Core private-sector machinery orders fell 6.2 percent in March, reverting to minus territory after rising in February for the first time in three months, the Cabinet Office said Monday.
The drop in orders, considered a leading indicator for corporate capital spending six to nine months ahead, follows a rise of 6.3 percent in February and a fall of 10.9 percent in January.
The orders represent an unadjusted 22 percent decline from a year earlier to 779.9 billion yen.
On a year-on-year basis, the fall marks the 10th consecutive month of decline, the longest since an 18-month downward streak between April 1998 and September 1999.
The core orders exclude orders for ships and from electric power companies, which tend to be volatile because of their large size.
In the January-March period, core private-sector machinery orders dropped 7.4 percent from the October-December period, far worse than the fall of 0.4 percent the office had earlier predicted.
“The drop was due to worse-than-expected figures in the nonmanufacturing industry,” said Yoshihiko Senoo, a senior economist at the Cabinet Office.
Senoo pointed to an 11 percent drop in orders from nonmanufacturers, down for the third straight quarter.
In contrast, orders from manufacturers rose a better-than-expected 2.6 percent in the April-June quarter from the previous period, up for the first time in five quarters.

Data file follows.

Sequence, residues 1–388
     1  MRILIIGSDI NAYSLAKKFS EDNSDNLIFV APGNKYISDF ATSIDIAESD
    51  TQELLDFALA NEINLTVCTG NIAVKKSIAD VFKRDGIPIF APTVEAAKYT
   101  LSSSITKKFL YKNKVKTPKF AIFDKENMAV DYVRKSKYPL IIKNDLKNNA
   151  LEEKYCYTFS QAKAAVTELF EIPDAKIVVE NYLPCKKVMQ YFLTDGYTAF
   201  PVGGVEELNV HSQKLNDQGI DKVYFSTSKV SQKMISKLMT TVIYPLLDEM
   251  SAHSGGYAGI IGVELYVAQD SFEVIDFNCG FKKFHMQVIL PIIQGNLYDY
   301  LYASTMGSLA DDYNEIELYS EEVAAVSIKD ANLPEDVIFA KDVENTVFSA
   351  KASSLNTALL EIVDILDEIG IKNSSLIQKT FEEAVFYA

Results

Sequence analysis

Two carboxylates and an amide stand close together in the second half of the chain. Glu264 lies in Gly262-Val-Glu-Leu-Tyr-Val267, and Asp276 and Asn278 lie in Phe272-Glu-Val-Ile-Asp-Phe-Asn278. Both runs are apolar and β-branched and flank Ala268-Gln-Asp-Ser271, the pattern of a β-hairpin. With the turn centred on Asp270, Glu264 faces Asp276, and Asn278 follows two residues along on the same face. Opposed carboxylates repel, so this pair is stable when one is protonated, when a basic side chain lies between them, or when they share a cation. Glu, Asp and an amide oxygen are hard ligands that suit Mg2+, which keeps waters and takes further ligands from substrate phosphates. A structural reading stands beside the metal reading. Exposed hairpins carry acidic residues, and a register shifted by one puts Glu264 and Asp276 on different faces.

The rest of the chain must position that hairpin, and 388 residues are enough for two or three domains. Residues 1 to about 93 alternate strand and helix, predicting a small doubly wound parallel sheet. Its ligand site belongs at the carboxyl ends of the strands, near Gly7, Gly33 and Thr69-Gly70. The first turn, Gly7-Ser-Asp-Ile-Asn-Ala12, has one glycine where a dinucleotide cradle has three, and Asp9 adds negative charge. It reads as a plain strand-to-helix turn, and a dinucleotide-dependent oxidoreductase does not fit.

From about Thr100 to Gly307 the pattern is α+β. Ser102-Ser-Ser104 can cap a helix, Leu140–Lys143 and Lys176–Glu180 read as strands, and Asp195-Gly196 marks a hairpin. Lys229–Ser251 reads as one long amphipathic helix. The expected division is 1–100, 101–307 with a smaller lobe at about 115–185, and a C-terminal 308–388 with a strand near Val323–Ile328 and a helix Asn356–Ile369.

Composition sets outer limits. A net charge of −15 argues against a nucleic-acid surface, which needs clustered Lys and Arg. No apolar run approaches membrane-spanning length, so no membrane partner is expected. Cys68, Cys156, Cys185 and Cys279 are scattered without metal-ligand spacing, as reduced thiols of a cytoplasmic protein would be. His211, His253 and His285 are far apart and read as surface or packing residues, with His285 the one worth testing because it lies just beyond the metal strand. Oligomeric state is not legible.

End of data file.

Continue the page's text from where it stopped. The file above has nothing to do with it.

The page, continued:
Looking ahead, the Cabinet Office said it expects core private-sector machinery orders to post a 0.3 percent quarter-on-quarter fall in the April-June period.
However, Senoo said the drop in the second quarter could turn out to be bigger. “We cannot deny the possibility of a bigger decline.”
Senoo said the office’s assessment that machinery orders are on a “declining trend” remains unchanged for the seventh straight month.
“From the trend in machinery orders, corporate capital spending will likely remain sluggish throughout fiscal 2002,” he said.
In briefing reporters last month on machinery orders for February, Senoo predicted sluggish orders would continue during the first half of the current fiscal year.
But he said he now expects the weak trend to continue for the whole year.
In March, orders from manufacturers rose 10.9 percent from February amid firm demand for general machinery, mainly for exports, while orders from nonmanufacturers fell 14.8 percent due to weak demand from the financial, retail and telecommunication sectors.
Overall orders, including those from the government and overseas, as well as those placed by agents, slipped 5.7 percent from February to 1.727 trillion yen.
Public orders fell 11.2 percent to 274.7 billion yen, while those from overseas dropped 10.5 percent to 457.7 billion yen.
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